As an example, suppose there are 10 candidates, and a voter votes A>B. In the usual pairwise counting approach, 9 markings are made to indicate A’s dominance over 9 other candidates on this voter’s ballot, and likewise 8 for B. But note that because A is this voter’s 1st choice, we could’ve simply said “A is 1 voter’s 1st choice”, and then at the central vote-counting place, they can simply “unpack” this to put 1 vote in every matchup A has against other candidates. Note that this naturally allows you to handle write-in candidates.
This approach can be generalized to handle 2nd choices as well: ignoring A, B is this voter’s 1st choice. So the same trick can be applied to B. To prevent A and B from simultaneously getting votes against each other in the A vs B matchup, the precinct vote-counters can put a “negative vote” in the B>A side of the matchup. When the central vote-counters unpack B’s 1st choice support, this will result in the negative vote and the 1st choice support cancelling each other out, leaving only 1 vote for A>B and 0 for B>A. Note that this only required 3 markings, as opposed to 17.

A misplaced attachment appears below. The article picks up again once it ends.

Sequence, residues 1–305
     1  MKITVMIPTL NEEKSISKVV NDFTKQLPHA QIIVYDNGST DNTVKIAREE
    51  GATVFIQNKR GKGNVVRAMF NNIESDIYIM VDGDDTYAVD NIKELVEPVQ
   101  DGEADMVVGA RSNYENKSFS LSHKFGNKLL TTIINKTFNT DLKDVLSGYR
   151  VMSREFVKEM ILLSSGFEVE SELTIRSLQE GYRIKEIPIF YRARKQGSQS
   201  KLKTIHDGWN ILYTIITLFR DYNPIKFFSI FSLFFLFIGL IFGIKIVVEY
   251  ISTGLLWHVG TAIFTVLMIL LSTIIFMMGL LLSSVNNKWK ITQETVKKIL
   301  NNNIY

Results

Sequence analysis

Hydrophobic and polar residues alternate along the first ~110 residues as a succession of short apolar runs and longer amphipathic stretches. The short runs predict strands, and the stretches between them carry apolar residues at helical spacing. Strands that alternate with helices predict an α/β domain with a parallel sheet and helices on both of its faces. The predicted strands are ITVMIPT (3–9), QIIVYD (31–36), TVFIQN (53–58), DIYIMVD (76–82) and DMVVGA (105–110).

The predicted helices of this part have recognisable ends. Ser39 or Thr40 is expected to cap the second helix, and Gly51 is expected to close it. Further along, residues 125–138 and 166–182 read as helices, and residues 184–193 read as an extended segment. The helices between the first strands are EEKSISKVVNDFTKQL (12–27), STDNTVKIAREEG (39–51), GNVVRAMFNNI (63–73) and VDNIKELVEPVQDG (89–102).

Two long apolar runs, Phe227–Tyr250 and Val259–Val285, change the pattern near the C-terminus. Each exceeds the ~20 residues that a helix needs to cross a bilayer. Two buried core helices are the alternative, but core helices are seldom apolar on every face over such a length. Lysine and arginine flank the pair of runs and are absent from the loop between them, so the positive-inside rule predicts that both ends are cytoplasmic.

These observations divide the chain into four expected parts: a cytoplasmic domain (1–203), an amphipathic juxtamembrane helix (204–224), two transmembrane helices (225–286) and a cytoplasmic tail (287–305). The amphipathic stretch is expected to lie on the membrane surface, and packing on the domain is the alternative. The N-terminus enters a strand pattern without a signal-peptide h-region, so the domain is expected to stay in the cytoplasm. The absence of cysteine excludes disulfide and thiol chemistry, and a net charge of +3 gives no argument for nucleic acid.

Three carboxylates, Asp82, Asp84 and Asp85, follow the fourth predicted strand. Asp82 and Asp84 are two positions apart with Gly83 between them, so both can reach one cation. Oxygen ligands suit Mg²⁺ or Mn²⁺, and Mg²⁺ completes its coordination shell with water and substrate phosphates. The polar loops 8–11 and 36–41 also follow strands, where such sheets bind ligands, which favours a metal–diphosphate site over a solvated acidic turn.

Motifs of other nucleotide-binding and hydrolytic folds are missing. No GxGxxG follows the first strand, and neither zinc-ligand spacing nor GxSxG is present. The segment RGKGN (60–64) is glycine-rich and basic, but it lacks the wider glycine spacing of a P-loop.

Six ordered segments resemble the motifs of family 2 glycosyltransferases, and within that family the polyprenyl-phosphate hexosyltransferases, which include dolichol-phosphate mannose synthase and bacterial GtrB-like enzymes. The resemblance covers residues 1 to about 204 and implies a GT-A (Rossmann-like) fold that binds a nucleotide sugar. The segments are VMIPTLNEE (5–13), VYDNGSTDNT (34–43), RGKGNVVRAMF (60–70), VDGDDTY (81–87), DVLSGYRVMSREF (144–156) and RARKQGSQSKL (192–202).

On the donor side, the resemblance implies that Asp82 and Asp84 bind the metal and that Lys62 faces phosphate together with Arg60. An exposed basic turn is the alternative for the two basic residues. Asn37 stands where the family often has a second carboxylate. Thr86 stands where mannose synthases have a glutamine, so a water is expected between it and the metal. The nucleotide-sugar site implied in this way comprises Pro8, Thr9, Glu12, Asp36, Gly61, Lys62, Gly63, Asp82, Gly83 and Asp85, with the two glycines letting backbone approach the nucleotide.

A small issue is if the voter votes A=B; this could mean 1 vote is added to both A>B and B>A, resulting in no change in the margin between the two candidates (good) but a change in the “winning votes” totals for each candidate (potentially bad). So if you want perfectly accurate vote totals, you have to subtract one vote on both sides of this matchup, either by manually putting a negative vote for both sides (2 markings), or making some special marking which indicates the same (1 marking).